In the opening pages of John Guy’s 2004 biography Queen of Scots: The True Life of Mary Stuart, he notes that she only learned to speak English during her final years in prison: “She spoke in French because this and Lowland Scots were her native tongues.” The film adaptation of Guy’s book, Mary Queen of Scots, directed by Josie Rourke, changes this, among other things. It stars Saoirse Ronan as Mary and Margot Robbie as Queen Elizabeth I. Both versions portray how Protestant members of Elizabeth’s court worked to keep the Catholic Mary from succeeding to the English throne, culminating in Mary’s execution at 44.
Our reviewer writes that “Guy’s account has all the twists and turns of a good thriller—and plenty of horror, too.” But much of Mary’s life is omitted from the film; for example, Guy points out that she once witnessed a boat accident in which several sailors died, that she almost perished in a fire, and that she was the object of an unbalanced poet’s obsession. None of these events are in the movie. Instead, there are numerous scenes of Mary lounging about with her courtiers—although their costumes, it must be said, are dazzling. The film also omits her first marriage, which left her a teenage widow, and many of her final years.
It offers some new additions, as well. There’s nothing in Guy’s book that indicates that Mary and Elizabeth were ever in each other’s presence, but the movie slyly creates a secret meeting between them—one that wouldn’t be in the historical record. This intriguing strategy extends to the most interesting creative choice in the film—portraying Mary’s second husband, Lord Darnley, as bisexual, and her Italian private secretary, David Rizzio, as gay. As the movie tells it, Darnley and Rizzo had at least one drunken one-night stand together. Again, there’s no solid evidence for this; Guy only notes that one of Darnley’s enemies claimed that the lord and Rizzio “would lie sometime in the same bed together.” Screenwriter Beau Willimon (creator of the Netflix TV series House of Cards) makes this event a reality, which effectively adds to the tragedy later on, when Rizzio is executed on suspicion of having an affair with Mary; Darnley signs Rizzio’s death warrant, despite knowing that the courtier is innocent. The film’s choice of a diverse cast is also refreshing. Gemma Chan, a British actor of Chinese descent, plays Bess of Hardwick, a white noble of Elizabeth’s court; Adrian Lester, a black British actor, plays the white Lord Randolph; and Puerto Rican actor Ismael Cruz Córdova plays Rizzio.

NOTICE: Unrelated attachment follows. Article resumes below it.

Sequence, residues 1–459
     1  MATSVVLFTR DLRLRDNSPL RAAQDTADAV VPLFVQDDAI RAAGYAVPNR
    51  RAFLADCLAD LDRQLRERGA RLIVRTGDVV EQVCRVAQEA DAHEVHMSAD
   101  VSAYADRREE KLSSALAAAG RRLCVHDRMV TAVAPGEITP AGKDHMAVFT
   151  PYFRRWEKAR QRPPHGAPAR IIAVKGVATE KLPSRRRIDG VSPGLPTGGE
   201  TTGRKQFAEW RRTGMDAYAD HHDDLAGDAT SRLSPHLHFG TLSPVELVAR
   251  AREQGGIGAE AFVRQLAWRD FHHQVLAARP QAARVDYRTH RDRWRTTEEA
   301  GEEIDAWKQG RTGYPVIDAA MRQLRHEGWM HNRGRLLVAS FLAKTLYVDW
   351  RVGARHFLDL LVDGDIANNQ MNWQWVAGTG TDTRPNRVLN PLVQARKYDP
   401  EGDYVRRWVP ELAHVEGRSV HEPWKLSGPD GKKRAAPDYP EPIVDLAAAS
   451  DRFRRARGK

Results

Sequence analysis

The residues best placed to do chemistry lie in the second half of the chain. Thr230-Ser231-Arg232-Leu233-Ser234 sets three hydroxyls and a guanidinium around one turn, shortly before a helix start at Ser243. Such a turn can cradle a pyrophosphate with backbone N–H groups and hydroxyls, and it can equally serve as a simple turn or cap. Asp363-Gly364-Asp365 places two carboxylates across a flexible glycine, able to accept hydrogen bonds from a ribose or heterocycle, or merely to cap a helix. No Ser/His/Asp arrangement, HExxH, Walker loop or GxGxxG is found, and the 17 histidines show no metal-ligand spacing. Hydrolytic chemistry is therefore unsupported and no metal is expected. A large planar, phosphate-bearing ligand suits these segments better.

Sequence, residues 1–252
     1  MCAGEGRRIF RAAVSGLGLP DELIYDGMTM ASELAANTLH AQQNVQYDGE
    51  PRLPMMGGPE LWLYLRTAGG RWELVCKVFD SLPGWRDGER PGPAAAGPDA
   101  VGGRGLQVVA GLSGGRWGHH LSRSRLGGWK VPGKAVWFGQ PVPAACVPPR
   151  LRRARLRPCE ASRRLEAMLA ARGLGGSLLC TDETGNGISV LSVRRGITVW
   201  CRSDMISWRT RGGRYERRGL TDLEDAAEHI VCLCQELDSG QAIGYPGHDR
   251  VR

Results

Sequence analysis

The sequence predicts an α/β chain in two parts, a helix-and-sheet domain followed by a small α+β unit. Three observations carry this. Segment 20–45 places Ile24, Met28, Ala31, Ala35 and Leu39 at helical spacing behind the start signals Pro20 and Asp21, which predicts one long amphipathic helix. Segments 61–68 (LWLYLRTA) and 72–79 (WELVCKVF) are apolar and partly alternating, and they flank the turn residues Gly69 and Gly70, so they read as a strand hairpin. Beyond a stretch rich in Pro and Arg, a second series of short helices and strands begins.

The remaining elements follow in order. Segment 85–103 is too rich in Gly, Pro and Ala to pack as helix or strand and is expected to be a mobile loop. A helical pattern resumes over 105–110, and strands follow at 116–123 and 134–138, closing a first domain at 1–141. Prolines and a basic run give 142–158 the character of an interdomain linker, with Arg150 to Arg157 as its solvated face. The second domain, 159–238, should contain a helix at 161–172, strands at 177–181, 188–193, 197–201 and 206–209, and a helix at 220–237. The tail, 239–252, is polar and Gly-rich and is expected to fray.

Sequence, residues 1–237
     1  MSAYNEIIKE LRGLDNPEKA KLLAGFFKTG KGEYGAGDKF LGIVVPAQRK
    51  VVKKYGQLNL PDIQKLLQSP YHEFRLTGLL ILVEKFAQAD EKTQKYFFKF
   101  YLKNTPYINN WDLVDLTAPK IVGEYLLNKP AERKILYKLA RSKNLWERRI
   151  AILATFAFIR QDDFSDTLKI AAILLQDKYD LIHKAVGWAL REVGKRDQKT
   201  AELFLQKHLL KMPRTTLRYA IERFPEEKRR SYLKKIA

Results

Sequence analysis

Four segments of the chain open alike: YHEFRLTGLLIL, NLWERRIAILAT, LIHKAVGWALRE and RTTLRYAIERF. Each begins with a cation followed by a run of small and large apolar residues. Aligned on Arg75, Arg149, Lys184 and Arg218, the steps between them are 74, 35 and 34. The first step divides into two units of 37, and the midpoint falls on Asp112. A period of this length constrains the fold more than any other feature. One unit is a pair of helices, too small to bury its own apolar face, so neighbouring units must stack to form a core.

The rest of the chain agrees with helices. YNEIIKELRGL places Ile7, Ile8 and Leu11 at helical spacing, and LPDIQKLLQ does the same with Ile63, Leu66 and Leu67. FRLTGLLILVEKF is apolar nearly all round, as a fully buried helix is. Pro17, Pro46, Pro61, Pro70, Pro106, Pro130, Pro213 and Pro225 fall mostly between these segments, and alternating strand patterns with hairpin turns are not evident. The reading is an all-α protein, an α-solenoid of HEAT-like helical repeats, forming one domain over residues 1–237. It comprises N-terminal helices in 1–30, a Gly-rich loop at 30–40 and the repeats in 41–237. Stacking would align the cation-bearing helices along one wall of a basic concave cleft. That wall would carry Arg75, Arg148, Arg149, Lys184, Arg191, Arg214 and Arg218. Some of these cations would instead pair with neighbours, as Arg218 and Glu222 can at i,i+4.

Despite all of these choices, though, the film feels formless and dull—partly because Mary’s enemies never come into sharp focus, as they do in Guy’s biography. It’s disappointing, for example, that the filmmakers didn’t do more with the fanatical Scottish minister John Knox, who famously wrote a diatribe against female rulers titled The First Blast of the Trumpet Against the Monstrous Regiment of Women. In the book, he comes across as a direct threat; in the film, he only gets one major set-piece—brilliantly performed by David Tennant—before drifting out of the story. The movie also omits the fact that many members of Mary’s Catholic court were terrified of being beaten up by roving “gangs of Edinburgh Calvinists.”
The film does have its moments, however; Rizzio’s murder scene is truly horrifying, and Robbie’s layered portrayal of Elizabeth is notable. However, if one wants to watch a fast-and-loose depiction of the life of Mary, Queen of Scots, there are more entertaining options. The CW television show Reign, for example, features all of the same characters—as well as Nostradamus and a human-sacrifice cult.
David Rapp is the senior Indie editor.